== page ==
Fast peek inside the body

Medicine: Healthy people are beginning to ask for full-body CT scans, but doctors say they're more likely to waste their money than to find hidden disease.

April 01, 2001|By Benedict Carey | Benedict Carey,LOS ANGELES TIMES

The good life is what brought David Clark to the Beverly Hills, Calif., office of radiologist Stephen Koch. Good food and drink, tobacco and any other pleasant poison the 42-year-old ran through his system before thinking much about health.

"Hey, I smoked a pack a day for six years, back when I was in my teens, and I still like to go out; I like my martinis," says Clark, a business consultant living near Los Angeles. "And I'm thinking, 'Have I screwed myself up? Am I going to have to write my obituary now?' "

It's that kind of morbid curiosity, along with some shrewd marketing, that has put Southern California out front in yet another controversial health trend: full-body CT scans to search for hidden disease.

The appeal of the scans is easy to understand. The machines use computed tomography, or CT, to produce X-ray cross-sections of the body that are much clearer than traditional X-rays and allow doctors to zoom in on abnormal-looking spots. The test is quick and painless, and 20 minutes later you're sitting by a computer screen, watching a virtual tour of your own body.

" 'Star Wars' stuff," says Robert Antin, 50, who visited Koch the same day Clark did.

Despite doctors' warnings that the scans are unjustified in healthy people, programs such as Koch's InsideTrac, and similar ones elsewhere in Southern California, are packing them in. Thousands of men and women have been screened, many of them middle-aged professionals, and some swear the technology saved their lives.

"There's no question about it for me," says Richard Stone, a 58-year-old real estate investor whose InsideTrac scan found a 3 1/2 -centimeter node on his left kidney. Stone had the kidney removed, and doctors confirmed that the lump was cancerous.

"I think the full-body scan is one of those things you can't afford not to do," Stone says.

Don't forget your checkbook, though. Most insurers don't cover the $800 to $1,500 price tag, for the same reason doctors are skeptical of widespread CT screening: There's little evidence that full-body scans of healthy people are cost-effective, compared with standard, and far cheaper, means of detecting disease, such as blood pressure monitoring and mammograms.

For every Richard Stone, doctors say, there will be patients for whom the scans find suspicious- looking spots that turn out to be nothing, putting people on a treadmill of follow-up tests for no good reason. And even a clean CT scan may have unintended consequences, if it encourages people to ignore the usual advice about exercise, diet and regular physicals.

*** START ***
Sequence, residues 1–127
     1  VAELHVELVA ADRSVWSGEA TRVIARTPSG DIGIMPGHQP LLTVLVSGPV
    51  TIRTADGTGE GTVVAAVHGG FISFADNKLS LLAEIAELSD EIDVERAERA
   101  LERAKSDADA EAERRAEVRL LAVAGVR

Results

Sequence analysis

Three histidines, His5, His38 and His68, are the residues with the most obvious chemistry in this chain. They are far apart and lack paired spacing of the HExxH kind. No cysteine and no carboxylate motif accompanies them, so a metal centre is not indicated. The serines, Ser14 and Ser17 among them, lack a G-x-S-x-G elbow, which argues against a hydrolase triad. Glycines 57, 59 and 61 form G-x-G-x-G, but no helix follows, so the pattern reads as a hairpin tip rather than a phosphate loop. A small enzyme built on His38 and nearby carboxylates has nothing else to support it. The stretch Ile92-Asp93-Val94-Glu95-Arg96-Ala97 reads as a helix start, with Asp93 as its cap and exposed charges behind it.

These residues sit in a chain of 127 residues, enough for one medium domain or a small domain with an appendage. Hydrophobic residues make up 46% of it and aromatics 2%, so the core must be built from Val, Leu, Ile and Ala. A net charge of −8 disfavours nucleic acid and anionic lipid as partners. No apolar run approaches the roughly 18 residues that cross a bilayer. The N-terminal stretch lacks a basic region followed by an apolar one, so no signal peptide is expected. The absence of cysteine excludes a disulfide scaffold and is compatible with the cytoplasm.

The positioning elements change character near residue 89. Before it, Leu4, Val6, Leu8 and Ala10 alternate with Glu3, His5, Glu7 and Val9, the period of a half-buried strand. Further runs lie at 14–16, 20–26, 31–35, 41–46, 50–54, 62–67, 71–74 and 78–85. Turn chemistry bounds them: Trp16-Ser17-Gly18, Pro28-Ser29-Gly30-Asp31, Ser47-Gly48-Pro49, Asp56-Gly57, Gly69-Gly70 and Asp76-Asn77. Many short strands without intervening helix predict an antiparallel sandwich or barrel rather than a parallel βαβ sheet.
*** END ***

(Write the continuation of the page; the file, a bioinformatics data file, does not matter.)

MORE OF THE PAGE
"The marketing is simply way ahead of the science on this -- more so than any other testing in medicine that I know about," says Dr. Howard Hodis, who's doing a study of CT scans and heart disease at the University of Southern California School of Medicine. "I wonder whether people who are having the scans know what they're getting."

A full-body CT involves several scans, Koch says. One runs from the neck through the pelvis and can pick up all sorts of odds and ends, from kidney stones to small tumors to abdominal aneurysms. Herniated, or "slipped," discs often show up, radiologists say; small cancers of the skin, prostate and breast usually do not. The pictures may also detect organ inflammation or deformities, but doctors say they tell you little or nothing about how most organs are functioning -- whether you're beginning to stress your liver, for example, or eroding your stomach lining.

If it's truly comprehensive, radiologists say, a full-body CT should also include separate scans for three things in particular: spots on the lung, spots on the colon, and arterial calcium, which is often associated with heart disease. These three findings account for the vast majority of referrals coming from whole-body clinics, doctors say.

Doctors begin screening for colon cancer when people turn 50, using tests such as sigmoidoscopy (a partial scope of the colon) and a barium enema. But the most sensitive test for the cancer -- colonoscopy -- involves threading a scope all the way along the colon.

"Uh, no, thank you," Antin deadpans. "I'd rather pass."

So far, most of what doctors know about colon scans comes from studies of patients who already have polyps -- a high-risk group, says Dr. Joel Fletcher, a diagnostic radiologist at the Mayo Clinic. "The scans are about 85 percent as sensitive as a colonoscopy in this group, which is very good," he says. "But the sensitivity of any test drops once you start doing it in normal, healthy people. For now, we would recommend that people just get over it and have a barium enema, a sigmoidoscopy or a colonoscopy. This disease kills something like 130,000 people a year."

The case for heart scans is even less clear-cut. Although CTs are sensitive in detecting calcium deposits on artery walls, the connection between these deposits and heart disease is still a matter of debate.

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